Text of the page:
Meanwhile, Cornell’s arrival provided added inspirational, not just in Transfer’s melodic engine room, but via his recording expertise. Having worked as a local producer with his own studio space, Cornell’s facilities and production savvy meant the band could experiment at leisure. Later, as Transfer added extra muscle to the songs that would make up Future Selves, tracks were self-produced/mixed with Cornell and Mark Needham (The Killers, Fleetwood Mac) at the controls.
“Shaun’s a mad scientist when it comes to music,” says Molarius. “He’d been collecting a lot of gear and building up this studio in a warehouse out on his ranch in northern San Diego. It was out in a canyon and very secluded. We basically holed up there for a month while we were writing the songs. Maybe some of that isolation came out in the tones of the music. It certainly had an organic feel to it.”
The recording proved both expansive and ambitious. Psychedelic riffs burned with a poppy energy on songs such as Losing Composure and Like It Used To Be. Elsewhere, Brian Wilson-style harmonies arrived swathed in chiming guitars and pianos on Take Your Medicine and the soulful Get Some Rest. The band even experimented with soaring prog rock on Enojado. With the recording finished, Future Selves’ over-arching mood was of an epic album that that brimmed with festival anthems and hefty rock riffola.
Meanwhile, a creative ethic, which first took shape in the recording and production of Future Selves, was extended into the band’s other work. They opened their own studio in downtown San Diego, called White Horse Recorders (Cardenas: “Our home base”). Meanwhile, the video for single, Take Your Medicine was awarded with the Platinum Remi (or first prize) at Houston’s 2011 International Film Festival.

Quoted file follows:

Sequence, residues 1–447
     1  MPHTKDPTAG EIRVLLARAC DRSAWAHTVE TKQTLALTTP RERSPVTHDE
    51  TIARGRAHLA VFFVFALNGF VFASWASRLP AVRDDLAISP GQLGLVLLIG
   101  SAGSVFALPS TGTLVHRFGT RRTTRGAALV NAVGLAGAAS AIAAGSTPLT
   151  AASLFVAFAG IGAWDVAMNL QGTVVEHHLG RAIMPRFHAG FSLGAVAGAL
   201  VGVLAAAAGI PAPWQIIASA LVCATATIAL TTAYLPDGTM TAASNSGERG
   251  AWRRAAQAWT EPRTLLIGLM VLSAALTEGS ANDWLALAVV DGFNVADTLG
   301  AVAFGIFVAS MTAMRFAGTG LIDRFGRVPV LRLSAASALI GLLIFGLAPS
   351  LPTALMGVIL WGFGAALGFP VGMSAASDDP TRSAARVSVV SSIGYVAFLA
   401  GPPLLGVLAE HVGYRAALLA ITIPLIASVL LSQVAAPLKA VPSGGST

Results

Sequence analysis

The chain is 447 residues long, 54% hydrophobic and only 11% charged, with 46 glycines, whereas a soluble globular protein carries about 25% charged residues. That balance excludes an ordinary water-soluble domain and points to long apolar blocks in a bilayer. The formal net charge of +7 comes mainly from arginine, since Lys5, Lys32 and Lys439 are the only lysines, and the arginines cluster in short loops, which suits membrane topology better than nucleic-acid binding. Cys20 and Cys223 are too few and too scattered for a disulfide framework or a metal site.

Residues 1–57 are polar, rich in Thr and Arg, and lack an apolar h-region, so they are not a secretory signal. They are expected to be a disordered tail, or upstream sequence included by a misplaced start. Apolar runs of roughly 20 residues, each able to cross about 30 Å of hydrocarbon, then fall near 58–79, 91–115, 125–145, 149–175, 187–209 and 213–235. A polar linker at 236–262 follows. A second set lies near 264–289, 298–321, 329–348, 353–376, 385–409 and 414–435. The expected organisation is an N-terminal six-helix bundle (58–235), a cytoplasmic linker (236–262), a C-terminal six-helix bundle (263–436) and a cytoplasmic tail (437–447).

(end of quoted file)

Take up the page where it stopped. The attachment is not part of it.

“That song is personal to me,” says Molarius, who takes lyric-writing duties for the band. “Throughout my life I have had exposure to, and have always been curious about, psychoactive medication. Mostly interested in its purpose and application. Not to mention the influence of the corporate machine of pharmaceutical companies. I spoke to director, Nader Husseini about making a video that reflects the lyric and tone of the song and he developed an animation idea for it.
“It’s an amazing piece of art. In the video, there’s a girl being attacked by a monster-like character with tentacles. It’s wearing a lab coat and magnifying glass and vials are sticking out of his back. The beast gets hold of her and starts to vomit pills over her. Eventually he devours her as they sink into blackness. It’s very weird and dark.”
The fruits of this creative hub are now being converted into large-scale praise. In America, the band are tipped for Big Things. Europe is catching on as well. Headline gigs across the continent this summer and Transfer’s re-released debut seem set to further their growing reputation.
“It really fills our sails to get such a positive response,” says Molarius. “It justifies the efforts we’ve put in up to this point. We know Future Selves is something special and we’ve always believed we’re a great band but of course, we’re biased. Now people outside of our little world are talking and saying some good things. Gotta like that.”